"Swamp Thing" the comic book (originally canceled in 1976) was revived in 1982 to capitalize on Wes Craven's rubber-suited B-movie version of the character. Moore's run on the title began in 1983, and by 1989, as the movie's sequel approached comic fans hoped against all odds that the filmmakers had tried to capture the gothic sophistication of the rejuvenated comic book. But alas, aside from approximating Swampy's goopier, moss-laden new look (designed by artists Stephen Bissette and John Totleben) and some ecology-based banter with Heather Locklear, "The Return of Swamp Thing" is even campier than the first film, with nary a hint of Moore in the muck.

(It's also worth noting that Moore created the character of John Constantine as a favor to Bissette and Totleben, who wanted to draw a character who looked like Sting (!). In "Swamp Thing," Constantine was mostly an expositional character, and his spin-off comic, "Hellblazer" was never written by Moore, so the 2005 movie "Constantine" starring a wildly miscast Keanu Reeves doesn't really fit into our rant).

Beginning in 1989, Moore teamed with cartoonist Eddie Campbell to create "From Hell," a serial positing Jack the Ripper as a metaphor for the onset of the 20th century. Early on in the tale, the Ripper is revealed to be Sir William Gull, Queen Victoria's royal surgeon, whose motivations for slashing prostitutes are only partly to protect the reputation of the whore-mongering Prince Albert Victor. Gull's ritualistic slayings are designed to symbolically announce man's continuing dominance over women, and he experiences mystical visions of the future during the murders. "From Hell" (eventually collected as a massive 500-page graphic novel) is a challenging, metaphysical, sociological, political work, one of those comics that's "not for kids anymore."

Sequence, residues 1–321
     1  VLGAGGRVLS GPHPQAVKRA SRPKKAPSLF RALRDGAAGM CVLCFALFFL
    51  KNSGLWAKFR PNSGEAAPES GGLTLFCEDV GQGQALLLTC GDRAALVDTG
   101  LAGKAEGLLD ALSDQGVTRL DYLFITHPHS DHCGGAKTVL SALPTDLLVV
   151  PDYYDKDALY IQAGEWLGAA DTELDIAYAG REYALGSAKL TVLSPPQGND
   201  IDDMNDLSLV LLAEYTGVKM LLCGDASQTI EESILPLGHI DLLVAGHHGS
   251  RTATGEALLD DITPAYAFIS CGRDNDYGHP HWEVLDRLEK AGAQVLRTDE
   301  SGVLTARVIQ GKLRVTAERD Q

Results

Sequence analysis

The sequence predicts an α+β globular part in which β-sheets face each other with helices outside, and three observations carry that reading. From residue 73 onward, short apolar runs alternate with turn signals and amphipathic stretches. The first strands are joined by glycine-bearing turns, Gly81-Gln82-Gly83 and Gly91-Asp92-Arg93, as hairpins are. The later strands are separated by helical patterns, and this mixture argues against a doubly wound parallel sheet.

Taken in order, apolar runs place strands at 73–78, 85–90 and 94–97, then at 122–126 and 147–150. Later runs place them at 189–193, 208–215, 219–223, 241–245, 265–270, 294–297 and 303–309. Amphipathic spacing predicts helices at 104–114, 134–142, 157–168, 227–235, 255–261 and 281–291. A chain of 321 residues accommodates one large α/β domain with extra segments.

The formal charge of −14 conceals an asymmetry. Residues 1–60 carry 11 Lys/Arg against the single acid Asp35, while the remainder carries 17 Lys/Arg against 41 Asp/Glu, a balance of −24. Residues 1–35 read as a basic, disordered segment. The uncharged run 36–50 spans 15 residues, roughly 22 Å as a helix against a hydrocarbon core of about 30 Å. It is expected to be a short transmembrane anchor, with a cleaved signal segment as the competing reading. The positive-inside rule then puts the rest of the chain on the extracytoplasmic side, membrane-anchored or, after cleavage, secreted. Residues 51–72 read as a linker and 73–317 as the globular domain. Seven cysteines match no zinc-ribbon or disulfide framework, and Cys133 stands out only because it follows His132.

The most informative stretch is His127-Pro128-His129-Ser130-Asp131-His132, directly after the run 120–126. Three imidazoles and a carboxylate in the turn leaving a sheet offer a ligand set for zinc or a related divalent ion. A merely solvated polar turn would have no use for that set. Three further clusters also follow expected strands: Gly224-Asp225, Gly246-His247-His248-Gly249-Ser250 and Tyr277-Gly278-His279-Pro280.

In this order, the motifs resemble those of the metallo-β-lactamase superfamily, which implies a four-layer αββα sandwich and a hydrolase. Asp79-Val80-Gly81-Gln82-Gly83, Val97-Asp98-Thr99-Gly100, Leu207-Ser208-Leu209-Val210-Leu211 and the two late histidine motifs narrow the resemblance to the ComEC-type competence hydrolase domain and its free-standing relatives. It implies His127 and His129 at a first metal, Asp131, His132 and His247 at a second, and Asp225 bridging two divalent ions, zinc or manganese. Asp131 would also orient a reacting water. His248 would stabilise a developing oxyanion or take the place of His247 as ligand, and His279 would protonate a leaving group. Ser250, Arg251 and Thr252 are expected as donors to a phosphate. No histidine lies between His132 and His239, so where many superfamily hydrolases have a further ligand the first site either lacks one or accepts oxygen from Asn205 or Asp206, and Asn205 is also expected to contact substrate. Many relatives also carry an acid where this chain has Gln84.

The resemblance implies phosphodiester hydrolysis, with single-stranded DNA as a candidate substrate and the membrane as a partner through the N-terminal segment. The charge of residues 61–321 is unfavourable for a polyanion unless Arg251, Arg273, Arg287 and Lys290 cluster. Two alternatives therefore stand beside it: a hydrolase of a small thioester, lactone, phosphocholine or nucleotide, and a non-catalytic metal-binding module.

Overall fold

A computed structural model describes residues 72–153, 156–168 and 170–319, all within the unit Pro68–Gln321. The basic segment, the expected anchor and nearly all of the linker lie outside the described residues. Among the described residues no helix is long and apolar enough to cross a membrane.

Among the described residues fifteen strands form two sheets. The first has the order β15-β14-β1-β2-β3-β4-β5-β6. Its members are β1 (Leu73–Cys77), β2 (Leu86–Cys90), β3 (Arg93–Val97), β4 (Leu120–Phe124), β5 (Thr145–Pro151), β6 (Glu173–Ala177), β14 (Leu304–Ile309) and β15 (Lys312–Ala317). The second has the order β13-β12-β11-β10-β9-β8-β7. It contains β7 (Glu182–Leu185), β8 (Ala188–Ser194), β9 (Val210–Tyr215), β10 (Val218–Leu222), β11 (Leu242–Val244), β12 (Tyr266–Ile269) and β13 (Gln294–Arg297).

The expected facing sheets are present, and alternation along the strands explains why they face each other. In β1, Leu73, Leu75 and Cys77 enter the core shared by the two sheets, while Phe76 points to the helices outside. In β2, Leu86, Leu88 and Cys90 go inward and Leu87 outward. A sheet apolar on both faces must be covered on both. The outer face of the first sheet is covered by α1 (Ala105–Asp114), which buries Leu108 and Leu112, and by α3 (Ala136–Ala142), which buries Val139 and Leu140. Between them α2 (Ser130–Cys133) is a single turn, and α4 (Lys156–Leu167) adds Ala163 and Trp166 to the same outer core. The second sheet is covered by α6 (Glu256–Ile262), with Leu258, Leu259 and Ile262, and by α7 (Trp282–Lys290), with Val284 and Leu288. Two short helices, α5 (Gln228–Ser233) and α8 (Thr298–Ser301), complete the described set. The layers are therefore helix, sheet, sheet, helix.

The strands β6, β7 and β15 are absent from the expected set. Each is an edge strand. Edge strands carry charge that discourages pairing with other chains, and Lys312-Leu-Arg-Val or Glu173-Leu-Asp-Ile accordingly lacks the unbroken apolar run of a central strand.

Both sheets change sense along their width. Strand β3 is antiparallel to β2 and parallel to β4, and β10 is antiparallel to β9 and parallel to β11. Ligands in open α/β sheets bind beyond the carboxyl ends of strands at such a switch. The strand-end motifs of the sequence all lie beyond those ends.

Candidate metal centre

But when "From Hell" was turned into a movie in 2001, almost all of the complexity was excised. Directed by the Hughes Brothers ("Menace 2 Society") and starring Johnny Depp as the absinthe-addled Inspector Abberline and Ian Holm as Sir Gull, the movie turned the story into a simple slasher whodunit (albeit with some incredibly accurate and detailed production design).